After Adams last DC batshit crazy Batman Odyssey this new Superman book is at least has a pretty straight narrative. While Adams is a great artist and this book still shows that he still has it but writing was never his strong point. If you look at the books that he has written over the years (Ms. Mystic comes to mind) have not been the real high point in his career. So the good news is that this new Superman mini series gets off to a pretty good start. While the first issues story is a bit on basic side and the focus is not as sharp as I would have wanted at least it mostly made sense. Adams throws a lot of ideas into this first issue and while there is a lot going on the underlying Darkseid concept is very intriguing. The book would have benefited from a stronger writer at the helm but it’s not a total train wreck and there is more to like than dislike with it.The best thing that the book has going for it is that it’s a Pre-New 52 Superman that has all of the classic elements that were sadly lost to that. Adams does a classic Superman that just feels right without trying to re-invent him. Everything feels right about this and shows how bad that DC has screwed him up with the New 52.On the plus side the artwork is gorgeous and considering he is 74 and still able to produce artwork of this caliber is very impressive. Honestly his art is so beautiful that as long as the story is competent this series is worth it for the artwork alone. Is this book worth your time and money? I surprisingly like the story even with the shotgun approach to throwing in everything and the kitchen sink in this first issue. There are some good elements that if Adams is able to pull it together this might work. His artwork alone is worth the $3.99 cover price. If you’re an old school Superman fan then you will get it as far as new readers are concerned they should follow along just fine.
Unbeatable Squirrel Girl #5
Marvel Comics Writer Ryan North, Artist Erica Henderson, Colorist Rico Renzi, Letterer Travis Lanham
The conclusion to the Doom time travel story is another feather in the cap for this book. North and Henderson have hands down done the best and most consistent comic at Marvel in years. The thing that is making this book so good is that they keep it simple and fun. That is not to mean that North doesn’t make the story simple by any stretch. One of the best assets the book has is witty, snappy and smart stories that make this book a real pleasure to read each month. While the book relies on its humor they don’t change any of the Marvel Universe characters that visit the book. Doom is still Doom and while I doubt that he would give a hand shake deal to anyone but Squirrel Girl in her book is make sense. The impressive thing that North does to defeat Doom is simply brilliant and ingenuous (no spoilers here you need to go and read it for yourself). I really love Henderson’s art on the book because it’s such a fresh and perfect style for this book and gives it such life and emotion that makes it such an enjoyable visual experience. She is never afraid to push it to the edge to make it work and gives the book that special quirkiness that it needs in the art department. Is this book worth your time and money? I have been a fan from day one on this book and it continues to charm me with its enjoyable stories and art each month. Just when I think that a book can’t be fresh and innovative and fun, North and Henderson prove me wrong every month. HIGHEST RECOMMENDATION!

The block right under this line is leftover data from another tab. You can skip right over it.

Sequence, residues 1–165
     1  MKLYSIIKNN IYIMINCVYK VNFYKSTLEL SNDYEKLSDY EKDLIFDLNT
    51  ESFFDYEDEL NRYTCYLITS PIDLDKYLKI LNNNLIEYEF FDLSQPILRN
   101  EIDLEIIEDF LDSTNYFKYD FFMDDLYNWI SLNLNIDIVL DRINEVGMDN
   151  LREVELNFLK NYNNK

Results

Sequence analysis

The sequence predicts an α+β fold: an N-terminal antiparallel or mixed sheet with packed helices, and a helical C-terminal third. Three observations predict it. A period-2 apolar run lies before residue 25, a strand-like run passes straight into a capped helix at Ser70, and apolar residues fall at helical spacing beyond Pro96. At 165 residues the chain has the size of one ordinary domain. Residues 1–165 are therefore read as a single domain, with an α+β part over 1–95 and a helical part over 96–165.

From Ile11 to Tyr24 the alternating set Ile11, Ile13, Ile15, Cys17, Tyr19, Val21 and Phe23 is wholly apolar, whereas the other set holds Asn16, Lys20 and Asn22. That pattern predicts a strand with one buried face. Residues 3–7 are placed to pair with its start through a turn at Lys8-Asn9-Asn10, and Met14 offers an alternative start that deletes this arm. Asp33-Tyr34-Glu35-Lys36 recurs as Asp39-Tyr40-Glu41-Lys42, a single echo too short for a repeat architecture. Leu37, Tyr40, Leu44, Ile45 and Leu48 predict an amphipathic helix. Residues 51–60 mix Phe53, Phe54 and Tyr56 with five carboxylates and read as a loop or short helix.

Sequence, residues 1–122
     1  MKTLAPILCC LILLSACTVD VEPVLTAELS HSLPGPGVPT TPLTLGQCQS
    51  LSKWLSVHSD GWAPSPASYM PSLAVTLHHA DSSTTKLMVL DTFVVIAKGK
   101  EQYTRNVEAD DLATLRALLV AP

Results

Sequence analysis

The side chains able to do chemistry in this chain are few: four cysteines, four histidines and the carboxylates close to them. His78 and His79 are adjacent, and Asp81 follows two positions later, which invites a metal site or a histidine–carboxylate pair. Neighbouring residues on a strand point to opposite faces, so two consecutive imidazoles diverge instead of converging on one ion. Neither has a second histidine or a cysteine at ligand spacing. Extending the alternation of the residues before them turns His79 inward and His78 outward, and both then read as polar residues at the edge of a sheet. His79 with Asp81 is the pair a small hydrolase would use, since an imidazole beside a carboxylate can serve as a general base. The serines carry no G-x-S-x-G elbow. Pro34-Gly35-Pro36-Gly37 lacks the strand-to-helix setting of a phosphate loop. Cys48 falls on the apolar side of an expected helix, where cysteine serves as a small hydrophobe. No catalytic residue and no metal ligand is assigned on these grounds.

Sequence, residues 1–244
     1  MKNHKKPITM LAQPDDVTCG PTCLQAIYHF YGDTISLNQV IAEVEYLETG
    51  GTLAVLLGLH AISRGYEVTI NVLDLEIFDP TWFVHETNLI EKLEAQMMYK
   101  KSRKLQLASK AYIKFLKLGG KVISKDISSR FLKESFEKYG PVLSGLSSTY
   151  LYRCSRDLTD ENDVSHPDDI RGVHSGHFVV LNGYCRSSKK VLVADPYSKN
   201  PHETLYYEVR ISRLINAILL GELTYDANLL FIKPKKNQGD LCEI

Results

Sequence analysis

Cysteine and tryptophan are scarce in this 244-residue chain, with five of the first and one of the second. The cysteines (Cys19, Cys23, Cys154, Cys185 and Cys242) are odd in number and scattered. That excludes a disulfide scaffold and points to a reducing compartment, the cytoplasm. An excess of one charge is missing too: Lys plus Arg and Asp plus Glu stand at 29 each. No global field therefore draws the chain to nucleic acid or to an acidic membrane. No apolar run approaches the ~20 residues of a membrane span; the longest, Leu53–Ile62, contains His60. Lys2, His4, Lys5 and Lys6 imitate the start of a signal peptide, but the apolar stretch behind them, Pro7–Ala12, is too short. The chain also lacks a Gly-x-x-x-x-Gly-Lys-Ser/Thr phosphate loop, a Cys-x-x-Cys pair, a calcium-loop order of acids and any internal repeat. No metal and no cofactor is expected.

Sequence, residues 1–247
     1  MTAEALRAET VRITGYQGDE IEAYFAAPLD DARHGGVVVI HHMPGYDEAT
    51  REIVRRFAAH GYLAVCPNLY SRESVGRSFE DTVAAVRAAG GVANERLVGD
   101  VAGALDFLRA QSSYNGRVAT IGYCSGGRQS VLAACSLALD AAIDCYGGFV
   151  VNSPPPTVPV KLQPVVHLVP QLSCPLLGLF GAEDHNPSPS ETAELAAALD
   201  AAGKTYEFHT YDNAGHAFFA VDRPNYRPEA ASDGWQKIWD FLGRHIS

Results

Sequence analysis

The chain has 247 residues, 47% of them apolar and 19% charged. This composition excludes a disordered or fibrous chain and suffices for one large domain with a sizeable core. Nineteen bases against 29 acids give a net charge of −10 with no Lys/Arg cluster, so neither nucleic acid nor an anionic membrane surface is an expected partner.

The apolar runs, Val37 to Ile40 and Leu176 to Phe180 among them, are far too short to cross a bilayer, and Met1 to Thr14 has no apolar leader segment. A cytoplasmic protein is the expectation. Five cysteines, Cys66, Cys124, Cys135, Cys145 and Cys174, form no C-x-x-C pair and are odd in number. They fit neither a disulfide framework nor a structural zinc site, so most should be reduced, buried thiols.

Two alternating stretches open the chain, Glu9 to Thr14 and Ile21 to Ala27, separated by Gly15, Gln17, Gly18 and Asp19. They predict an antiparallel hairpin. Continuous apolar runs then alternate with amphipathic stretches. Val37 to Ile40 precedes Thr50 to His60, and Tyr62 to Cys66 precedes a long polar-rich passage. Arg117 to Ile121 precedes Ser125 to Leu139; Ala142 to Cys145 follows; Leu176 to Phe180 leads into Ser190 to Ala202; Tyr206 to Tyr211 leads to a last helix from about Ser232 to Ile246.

Black Magick #5
Image Comics Writer Greg Rucka, Artist Nicola Scott, Color Assists Chiara Arena, Letterer Jodi Wynne
Rucka has been building a solid foundation for this book and this fifth issue starts to reveal the mystery surrounding Rowan and it not looking good for her. He really has folded so many elements in the story so effortlessly that each issue flows into each other so well. I do imagine that it will read better as one story when the arc is finished but he does a great job of breaking down each issue into a chapter that reads well as a monthly comic. It was nice to see a little more action in the story this month and yet the everyday elements in the first part of the issue is what makes the story and the characters so enjoyable to read. While Rucka’s story is very good it’s Scott’s artwork that seals the deal on this book. I can’t imagine anyone else bringing this book to life-like she does with the art. The detail and richness that she puts into it is simply breathtaking and really draws you into the story. Her use of color really pays off in this issue and shows how wisely that the “normal” world is more monochromatic and when the Magick kicks in it really burst off the page and makes it really stand out. Is this book worth your time and money? Rucka and Scott have given a great new spin on the detective genre and the slow burn aspect of the book is a real plus. The elements from the previous issues are starting to take focus and really start to pay off in this issue. This book is a real winner and just keeps getting better with each issue. VERY RECOMMENDED!